The XX Factor

Find Out How Many Times You’ll See Your Parents Before They Die

Screen shot courtesy of

The interface of the website See Your Folks is very soothing. The site’s name appears in a gentle lowercase font—with a heart in the middle of the first o—against a blue-sky background dotted with fluffy white clouds. And then you enter the information asked of you—your parents’ location, their ages, and how often you see them—and are greeted with a stark figure: the number of times you’ll see your parents before they die. Suddenly, those clouds take on a different meaning.

See Your Folks is the brilliant creation of a quartet of British designers who used World Health Organization data on life expectancy to make mortality feel quite a bit less abstract than it usually does. “We believe that increasing awareness of death can help us to make the most of our lives,” the site explains. “The right kind of reminders can help us to focus on what matters, and perhaps make us better people.” That may sound suspiciously New Agey, but science bears that hypothesis out: As Oliver Burkeman documented in a Slate story last Halloween, gentle reminders about death have been demonstrated to make people “more compassionate, happier, and healthier.” But in a society where death remains a taboo, one that most people never learn how to talk about until after their loved ones die, it’s hard to know how to incorporate such gentle reminders into your daily life. See Your Folks strikes just the right balance, delivering a blatant eye-opener while also reminding you that—if your parents are still alive—you have a chance to make the most of their remaining time. (The site predicted that, at my current rate of visits, and if my parents and I both live to average life expectancy, I’ll see my them 82.5 times before they die—which is not enough.)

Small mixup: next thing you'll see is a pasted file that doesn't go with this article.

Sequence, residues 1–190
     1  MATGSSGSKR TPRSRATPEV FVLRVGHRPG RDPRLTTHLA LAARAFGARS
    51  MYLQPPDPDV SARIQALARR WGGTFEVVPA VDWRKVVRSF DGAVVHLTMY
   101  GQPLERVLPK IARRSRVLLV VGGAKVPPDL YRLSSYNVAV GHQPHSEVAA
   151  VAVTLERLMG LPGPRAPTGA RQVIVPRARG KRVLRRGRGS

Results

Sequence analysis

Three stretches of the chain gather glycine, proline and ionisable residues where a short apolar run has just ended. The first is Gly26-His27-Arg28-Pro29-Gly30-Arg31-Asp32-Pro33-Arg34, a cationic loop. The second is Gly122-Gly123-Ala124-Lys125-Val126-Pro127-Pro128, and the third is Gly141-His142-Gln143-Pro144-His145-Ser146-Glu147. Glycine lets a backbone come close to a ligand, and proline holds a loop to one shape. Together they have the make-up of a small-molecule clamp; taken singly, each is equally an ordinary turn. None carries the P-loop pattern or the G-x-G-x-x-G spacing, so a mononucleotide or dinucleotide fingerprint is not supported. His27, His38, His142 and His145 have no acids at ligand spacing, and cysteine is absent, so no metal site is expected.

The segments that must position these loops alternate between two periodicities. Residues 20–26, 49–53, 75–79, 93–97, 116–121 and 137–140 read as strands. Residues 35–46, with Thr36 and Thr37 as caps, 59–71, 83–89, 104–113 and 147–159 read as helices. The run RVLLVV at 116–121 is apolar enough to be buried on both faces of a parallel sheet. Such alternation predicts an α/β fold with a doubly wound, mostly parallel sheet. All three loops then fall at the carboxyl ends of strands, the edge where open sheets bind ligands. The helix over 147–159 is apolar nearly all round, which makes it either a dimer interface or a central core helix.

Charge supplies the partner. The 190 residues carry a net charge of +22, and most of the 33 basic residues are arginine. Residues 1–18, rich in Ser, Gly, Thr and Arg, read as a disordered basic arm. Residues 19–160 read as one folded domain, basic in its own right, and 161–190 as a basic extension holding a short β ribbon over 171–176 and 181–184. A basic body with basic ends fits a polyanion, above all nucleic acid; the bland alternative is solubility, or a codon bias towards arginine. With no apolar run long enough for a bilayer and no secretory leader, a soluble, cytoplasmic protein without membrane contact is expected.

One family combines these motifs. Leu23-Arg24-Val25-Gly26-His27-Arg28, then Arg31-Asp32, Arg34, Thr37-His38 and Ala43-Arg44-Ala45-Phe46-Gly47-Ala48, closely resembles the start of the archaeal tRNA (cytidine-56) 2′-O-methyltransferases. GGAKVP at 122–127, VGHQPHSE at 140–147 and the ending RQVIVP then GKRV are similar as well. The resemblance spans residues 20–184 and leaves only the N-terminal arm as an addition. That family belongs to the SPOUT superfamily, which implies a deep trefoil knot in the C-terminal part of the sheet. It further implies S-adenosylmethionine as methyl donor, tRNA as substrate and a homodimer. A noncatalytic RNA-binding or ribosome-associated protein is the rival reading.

On the heels of See Your Folks comes another gentle reminder of the fragility of life in the form of a New York Times Magazine cover story about bioethicist Margaret Pabst Battin—a longtime proponent of assisted suicide for the elderly—and her husband, Brooke Hopkins, who was paralyzed from the shoulders down after a bicycling accident. Robin Marantz Henig’s chronicle of the couple’s ongoing negotiation over how and when Hopkins’ life will end is a gripping, devastating portrayal of the messiness of disability and disease—and the inconvenient truth that people often find themselves in tragic, difficult situations they never imagined they would face. Together, See Your Folks and Henig’s article will have you booking tickets to go visit your aging loved ones, stat.